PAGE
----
Center for Child & Family Wellness
The Center for Child and Family Wellness at the Meadows Institute dramatically expanded its work in 2022, particularly in West Texas, North Texas, and San Antonio, directly responding to the growing youth mental health crisis and the urgent demand for services exacerbated by the lingering effects of the COVID-19 pandemic and the aftermath of the Uvalde tragedy.
In Midland and across the Permian Basin, the team’s ongoing efforts to expand Multi-Tiered Systems of Support (MTSS) in local schools – designed to meet the behavioral, social, emotional, and mental health needs of students – continued to bear fruit. The eight pilot schools in Midland that began implementing MTSS in 2021 have seen declines in major office discipline referrals, in-school suspensions, and out-of-school suspensions. In 2022, the Center expanded MTSS support to 27 other schools and further increased access to care in the pilot schools to include more intensive support for students who need it. Midland ISD is now serving as a state and national model for how to implement a comprehensive school mental health system focused on evidence-based practices.
In addition, we developed a strategic framework to guide the implementation of mental and behavioral health activities in the schools and districts supported by the Region 18 Education Service Center (ESC), which includes Midland and provides a variety of services customized to the region’s needs. This framework will guide their activities related to engaging, supporting, and training staff in schools and at the district level.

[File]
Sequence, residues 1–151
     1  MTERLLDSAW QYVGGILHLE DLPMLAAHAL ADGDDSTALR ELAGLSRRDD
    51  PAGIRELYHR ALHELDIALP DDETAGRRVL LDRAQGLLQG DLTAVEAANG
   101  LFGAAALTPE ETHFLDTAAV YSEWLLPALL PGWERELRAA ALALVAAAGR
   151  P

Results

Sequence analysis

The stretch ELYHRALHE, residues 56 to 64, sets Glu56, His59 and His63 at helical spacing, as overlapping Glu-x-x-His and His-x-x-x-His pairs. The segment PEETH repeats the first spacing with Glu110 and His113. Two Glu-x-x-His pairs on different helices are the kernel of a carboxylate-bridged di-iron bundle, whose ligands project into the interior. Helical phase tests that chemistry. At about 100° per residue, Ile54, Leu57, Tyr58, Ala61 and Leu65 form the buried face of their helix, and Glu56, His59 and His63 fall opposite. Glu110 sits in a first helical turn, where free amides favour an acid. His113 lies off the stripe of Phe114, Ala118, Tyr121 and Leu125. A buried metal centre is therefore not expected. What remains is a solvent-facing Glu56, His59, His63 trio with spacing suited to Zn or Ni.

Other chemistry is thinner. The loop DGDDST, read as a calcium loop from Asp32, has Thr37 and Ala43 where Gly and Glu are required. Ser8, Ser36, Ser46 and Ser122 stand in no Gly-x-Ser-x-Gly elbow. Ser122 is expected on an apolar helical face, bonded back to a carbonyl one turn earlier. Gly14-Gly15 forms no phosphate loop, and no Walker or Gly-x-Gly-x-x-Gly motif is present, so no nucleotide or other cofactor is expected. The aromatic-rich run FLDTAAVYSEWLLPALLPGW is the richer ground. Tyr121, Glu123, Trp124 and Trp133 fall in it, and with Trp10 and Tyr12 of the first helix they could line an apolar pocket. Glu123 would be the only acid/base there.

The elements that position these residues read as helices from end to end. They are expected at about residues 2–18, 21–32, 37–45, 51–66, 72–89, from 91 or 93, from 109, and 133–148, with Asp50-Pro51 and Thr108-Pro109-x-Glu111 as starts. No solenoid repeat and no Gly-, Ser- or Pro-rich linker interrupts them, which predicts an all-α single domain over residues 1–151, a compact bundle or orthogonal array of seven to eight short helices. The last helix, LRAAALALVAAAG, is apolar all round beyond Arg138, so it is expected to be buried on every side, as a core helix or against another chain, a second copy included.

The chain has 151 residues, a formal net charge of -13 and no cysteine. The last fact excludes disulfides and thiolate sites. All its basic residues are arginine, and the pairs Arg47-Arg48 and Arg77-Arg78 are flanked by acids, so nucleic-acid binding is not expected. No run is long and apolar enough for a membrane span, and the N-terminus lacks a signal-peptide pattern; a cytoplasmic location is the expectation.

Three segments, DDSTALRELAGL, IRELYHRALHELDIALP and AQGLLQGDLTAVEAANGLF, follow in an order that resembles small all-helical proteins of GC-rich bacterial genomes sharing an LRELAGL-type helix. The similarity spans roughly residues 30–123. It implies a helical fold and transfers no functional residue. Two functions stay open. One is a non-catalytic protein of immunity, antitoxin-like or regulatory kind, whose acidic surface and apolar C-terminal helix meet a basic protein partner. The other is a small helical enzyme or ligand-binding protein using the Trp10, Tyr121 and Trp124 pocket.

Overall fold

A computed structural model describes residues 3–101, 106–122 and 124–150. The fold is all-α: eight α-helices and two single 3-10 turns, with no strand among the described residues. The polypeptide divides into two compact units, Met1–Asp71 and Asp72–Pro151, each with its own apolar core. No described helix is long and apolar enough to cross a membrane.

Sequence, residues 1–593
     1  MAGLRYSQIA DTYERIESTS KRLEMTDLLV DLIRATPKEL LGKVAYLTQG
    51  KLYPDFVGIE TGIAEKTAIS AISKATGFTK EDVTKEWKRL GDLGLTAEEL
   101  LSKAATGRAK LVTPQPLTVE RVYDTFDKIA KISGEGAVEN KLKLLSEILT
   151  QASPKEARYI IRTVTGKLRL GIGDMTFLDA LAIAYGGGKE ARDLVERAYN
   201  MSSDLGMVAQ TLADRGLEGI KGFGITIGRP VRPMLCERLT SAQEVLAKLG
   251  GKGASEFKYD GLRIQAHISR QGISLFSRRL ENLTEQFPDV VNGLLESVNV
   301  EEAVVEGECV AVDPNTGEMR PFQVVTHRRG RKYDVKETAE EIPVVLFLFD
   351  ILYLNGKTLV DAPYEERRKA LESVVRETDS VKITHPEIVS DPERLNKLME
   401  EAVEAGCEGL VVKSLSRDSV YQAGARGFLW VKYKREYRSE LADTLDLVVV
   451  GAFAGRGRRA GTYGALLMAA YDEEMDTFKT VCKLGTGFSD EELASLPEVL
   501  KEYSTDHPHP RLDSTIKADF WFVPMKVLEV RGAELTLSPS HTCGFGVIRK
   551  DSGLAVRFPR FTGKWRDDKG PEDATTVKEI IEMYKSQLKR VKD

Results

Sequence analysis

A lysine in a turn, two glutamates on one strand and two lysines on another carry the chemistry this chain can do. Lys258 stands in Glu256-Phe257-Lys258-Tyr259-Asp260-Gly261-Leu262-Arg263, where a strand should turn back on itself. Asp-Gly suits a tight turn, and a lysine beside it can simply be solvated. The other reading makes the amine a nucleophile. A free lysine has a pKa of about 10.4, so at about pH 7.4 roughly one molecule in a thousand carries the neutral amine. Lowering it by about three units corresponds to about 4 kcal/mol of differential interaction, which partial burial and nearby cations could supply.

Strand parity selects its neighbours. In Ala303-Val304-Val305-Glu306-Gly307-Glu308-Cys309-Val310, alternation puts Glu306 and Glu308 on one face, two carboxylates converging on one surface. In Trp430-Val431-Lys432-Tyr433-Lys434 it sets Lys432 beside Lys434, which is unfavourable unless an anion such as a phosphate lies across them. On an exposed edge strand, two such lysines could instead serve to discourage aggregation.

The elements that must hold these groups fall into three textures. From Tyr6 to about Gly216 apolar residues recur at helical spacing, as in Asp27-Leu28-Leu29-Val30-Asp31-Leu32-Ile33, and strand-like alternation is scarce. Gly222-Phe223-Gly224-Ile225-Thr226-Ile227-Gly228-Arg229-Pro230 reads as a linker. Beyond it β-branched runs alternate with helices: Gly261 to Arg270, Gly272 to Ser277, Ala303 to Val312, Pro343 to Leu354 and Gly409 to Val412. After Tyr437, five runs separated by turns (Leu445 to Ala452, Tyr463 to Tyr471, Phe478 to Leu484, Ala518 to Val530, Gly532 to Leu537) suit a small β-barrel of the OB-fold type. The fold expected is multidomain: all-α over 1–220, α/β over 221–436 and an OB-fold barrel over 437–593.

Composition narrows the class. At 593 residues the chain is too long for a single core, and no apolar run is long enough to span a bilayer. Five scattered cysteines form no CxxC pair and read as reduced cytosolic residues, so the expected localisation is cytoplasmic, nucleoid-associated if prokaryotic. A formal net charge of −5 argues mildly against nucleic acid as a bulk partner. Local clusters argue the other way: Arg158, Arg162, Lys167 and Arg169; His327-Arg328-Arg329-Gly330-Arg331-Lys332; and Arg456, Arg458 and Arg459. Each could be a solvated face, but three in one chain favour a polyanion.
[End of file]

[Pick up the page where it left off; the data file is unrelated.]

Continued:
We also supported ESC staff as they continued implementing our 2021 recommendations, building internal capacity to provide training in-house, supporting MISD schools in scaling up their work, and enabling MTSS training in other districts in the region.
With the support of funders including Abell-Hanger Foundation, Scharbauer Foundation, The Henry Foundation, Carl B. & Florence E. King Foundation, Yarborough Foundation, and Chevron, MTSS is poised to continue making a major impact on the mental health and academic success of Midland students and students across the Permian Basin for years to come.
In North Texas, we worked with partners, including Texas Health Resources and Kozmetsky Family Foundation, that recognized a need for better collaboration and skills training among local district leaders. In response, the Center kicked off a project in North Texas to help K-12 and higher education leaders learn to better support mental well-being among students and educators.
The North Texas School Mental Health Executive Learning Community was a year-long learning experience for school leaders in 19 school districts across Dallas County. Participating districts represented 647 schools, almost 57,000 educators, and nearly half a million students across North Texas. As a result of the project’s success, four additional school mental health learning communities will be held across the state in 2023. The Center also worked with Grand Prairie ISD to promote better systems of school discipline to improve student well-being and academic success.
In South Texas, the San Antonio Mobile Mental Wellness Collaborative (SAMMWC), which delivers in-person access to mental health services for students in five San Antonio school districts, asked the Meadows Institute to provide necessary infrastructure and programmatic support after a competitive selection process. These types of innovative school district-community partnerships are crucial to addressing the surging demand for mental health services for young people, and SAMMWC is a proven model that can be successfully replicated in other communities.
Innovative school district-community partnerships are crucial to addressing the surging demand for mental health services for young people.